A powerful earthquake has struck off Japan's north-eastern coast, shaking buildings in Tokyo and forcing people out of their homes, witnesses said.
Japan issued its most serious tsunami warning, saying a wave as high as 6m (20ft) could strike the coast near Miyagi prefecture.
US officials said the 8.8-magnitude quake struck about 250 miles (400km) from Tokyo at a depth of 20 miles.
TV pictures showed a wave crashing into the Pacific coast.
The surge of water carried cars and ships as it surged through a coastal town.
Japanese television has shown major tsunami damage in northern Japan, following an earthquake that has been upgraded to 8.8.
Public broadcaster NHK showed cars, trucks, houses and buildings being swept away by the tsunami in Onahama city in Fukushima prefecture.
Scores of cars were seen floating in Iwate prefecture harbour, local TV said.
Japan earlier issued its top tsunami warning in response to the major offshore earthquake, which strongly swayed buildings 400 kilometres away in Tokyo and sent people fleeing onto the streets.
The meteorological agency issued its top-level evacuation alerts for the entire Japanese coast, Russia and the Mariana Islands, the Pacific Tsunami Warning Centre said.
The quake was initially measured as a magnitude 7.9 but was upgraded.
It warned of a tsunami of up to six metres. Smaller tsunamis of up to 50cm reached some coastal communities, the agency said.
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The quake struck about 382km northeast of Tokyo, offshore, the US Geological Survey reported.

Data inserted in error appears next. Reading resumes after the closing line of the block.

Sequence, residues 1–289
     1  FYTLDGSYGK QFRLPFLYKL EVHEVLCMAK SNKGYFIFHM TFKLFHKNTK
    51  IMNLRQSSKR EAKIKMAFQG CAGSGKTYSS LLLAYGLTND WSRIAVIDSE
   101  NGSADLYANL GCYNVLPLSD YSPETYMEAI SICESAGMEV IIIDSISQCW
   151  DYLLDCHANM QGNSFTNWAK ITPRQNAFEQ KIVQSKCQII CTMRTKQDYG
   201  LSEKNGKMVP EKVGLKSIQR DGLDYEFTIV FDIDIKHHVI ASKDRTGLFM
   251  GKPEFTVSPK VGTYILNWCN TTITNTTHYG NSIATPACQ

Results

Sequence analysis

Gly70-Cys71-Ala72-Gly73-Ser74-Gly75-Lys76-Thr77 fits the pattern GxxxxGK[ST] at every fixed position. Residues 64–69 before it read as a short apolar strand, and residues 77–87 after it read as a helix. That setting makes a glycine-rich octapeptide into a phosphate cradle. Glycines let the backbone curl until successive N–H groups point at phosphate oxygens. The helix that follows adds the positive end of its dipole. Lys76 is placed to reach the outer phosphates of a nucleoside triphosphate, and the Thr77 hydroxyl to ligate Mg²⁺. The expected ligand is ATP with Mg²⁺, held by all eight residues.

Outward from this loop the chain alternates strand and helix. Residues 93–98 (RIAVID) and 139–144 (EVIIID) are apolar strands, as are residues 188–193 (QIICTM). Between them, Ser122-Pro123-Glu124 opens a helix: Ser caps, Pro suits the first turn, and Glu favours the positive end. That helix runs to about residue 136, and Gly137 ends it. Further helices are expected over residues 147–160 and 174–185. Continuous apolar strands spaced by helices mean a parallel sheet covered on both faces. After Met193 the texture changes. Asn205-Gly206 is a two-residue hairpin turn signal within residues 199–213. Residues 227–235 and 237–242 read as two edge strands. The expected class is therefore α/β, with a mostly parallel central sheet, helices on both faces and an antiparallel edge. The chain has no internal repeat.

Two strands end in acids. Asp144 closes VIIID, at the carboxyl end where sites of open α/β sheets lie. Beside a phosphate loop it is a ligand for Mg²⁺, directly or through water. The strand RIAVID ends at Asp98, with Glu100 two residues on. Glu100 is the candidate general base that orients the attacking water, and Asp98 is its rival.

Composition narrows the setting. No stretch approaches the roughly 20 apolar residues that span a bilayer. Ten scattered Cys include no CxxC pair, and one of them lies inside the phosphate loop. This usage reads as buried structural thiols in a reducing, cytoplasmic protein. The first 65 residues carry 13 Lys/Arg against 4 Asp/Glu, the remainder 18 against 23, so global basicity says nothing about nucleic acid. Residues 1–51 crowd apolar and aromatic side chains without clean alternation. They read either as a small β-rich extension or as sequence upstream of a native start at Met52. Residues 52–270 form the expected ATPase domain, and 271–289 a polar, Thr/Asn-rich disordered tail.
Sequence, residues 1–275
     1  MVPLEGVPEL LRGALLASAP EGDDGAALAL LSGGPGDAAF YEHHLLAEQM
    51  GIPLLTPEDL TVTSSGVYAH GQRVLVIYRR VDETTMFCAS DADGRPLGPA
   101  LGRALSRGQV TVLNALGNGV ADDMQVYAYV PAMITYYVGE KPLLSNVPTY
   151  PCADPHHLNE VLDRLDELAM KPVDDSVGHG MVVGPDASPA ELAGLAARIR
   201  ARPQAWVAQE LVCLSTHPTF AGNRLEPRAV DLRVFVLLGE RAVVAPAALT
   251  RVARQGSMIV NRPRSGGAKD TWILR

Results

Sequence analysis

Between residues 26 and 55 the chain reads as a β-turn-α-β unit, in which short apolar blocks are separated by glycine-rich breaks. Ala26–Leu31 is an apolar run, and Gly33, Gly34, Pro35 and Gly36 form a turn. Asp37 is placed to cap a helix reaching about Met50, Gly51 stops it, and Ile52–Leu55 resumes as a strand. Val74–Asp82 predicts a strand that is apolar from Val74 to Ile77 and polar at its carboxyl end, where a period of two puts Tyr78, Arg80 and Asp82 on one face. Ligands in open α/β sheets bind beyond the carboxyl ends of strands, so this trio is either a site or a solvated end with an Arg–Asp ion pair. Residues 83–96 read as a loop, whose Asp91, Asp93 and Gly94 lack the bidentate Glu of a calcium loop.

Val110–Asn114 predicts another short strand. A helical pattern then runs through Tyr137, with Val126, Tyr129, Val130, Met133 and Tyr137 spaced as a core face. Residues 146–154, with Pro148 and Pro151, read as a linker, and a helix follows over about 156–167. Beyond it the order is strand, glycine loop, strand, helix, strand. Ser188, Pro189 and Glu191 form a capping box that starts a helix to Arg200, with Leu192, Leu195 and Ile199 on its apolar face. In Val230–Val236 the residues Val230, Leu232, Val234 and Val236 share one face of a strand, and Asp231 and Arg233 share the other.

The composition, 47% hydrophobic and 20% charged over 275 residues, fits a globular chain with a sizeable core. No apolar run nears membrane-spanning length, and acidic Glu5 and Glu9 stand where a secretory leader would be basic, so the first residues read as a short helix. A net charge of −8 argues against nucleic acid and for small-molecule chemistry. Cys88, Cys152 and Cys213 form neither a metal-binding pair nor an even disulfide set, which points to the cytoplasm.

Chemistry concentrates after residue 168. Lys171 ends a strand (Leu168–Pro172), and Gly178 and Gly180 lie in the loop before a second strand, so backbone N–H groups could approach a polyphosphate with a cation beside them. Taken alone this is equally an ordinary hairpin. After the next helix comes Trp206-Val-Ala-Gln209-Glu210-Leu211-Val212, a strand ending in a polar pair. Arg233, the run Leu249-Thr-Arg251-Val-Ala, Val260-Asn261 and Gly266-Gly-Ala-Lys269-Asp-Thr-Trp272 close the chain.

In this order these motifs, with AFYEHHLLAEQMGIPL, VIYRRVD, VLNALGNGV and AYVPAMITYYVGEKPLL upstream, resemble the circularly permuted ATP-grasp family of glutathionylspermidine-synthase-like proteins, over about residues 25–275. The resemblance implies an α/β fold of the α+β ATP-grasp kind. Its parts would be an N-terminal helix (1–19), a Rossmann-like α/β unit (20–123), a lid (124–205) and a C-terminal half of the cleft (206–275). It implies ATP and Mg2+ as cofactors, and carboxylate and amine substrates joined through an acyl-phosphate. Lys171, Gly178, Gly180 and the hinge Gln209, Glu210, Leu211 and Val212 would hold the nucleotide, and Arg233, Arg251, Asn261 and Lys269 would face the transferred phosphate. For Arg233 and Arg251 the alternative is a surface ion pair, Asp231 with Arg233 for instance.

Smoke could be seen rising from a building in Tokyo port.
Shinkansen bullet trains stopped when the quake struck, while Tokyo port has shut all 19 of its water gates as it prepares for the tsunami.
Japan’s Coast Guard is halting ships on their way to entering Tokyo’s port,said Takashi Mifune, spokesman for the Bureau of Port and Harbor of the Tokyo Metropolitan Government.
Japan’s meteorological agency said the quake struck at 2.46pm (4.46pm AEDST) local time at a depth of 10km, 125km off the eastern coast.
Footage on national broadcaster NHK from their Sendai office showed employees stumbling around and books and papers crashing from desks.
Police and coast guard officials said they were assessing possible damage from the quake.
The yen tumbled against the dollar after the quake, falling to 83.30 against the dollar from 82.81 before the quake struck.
Several quakes had hit the same region in recent days, including a 7.3 magnitude one on Wednesday.
The Joint Australian Tsunami Warning Centre said there was no tsunami threat to Australia.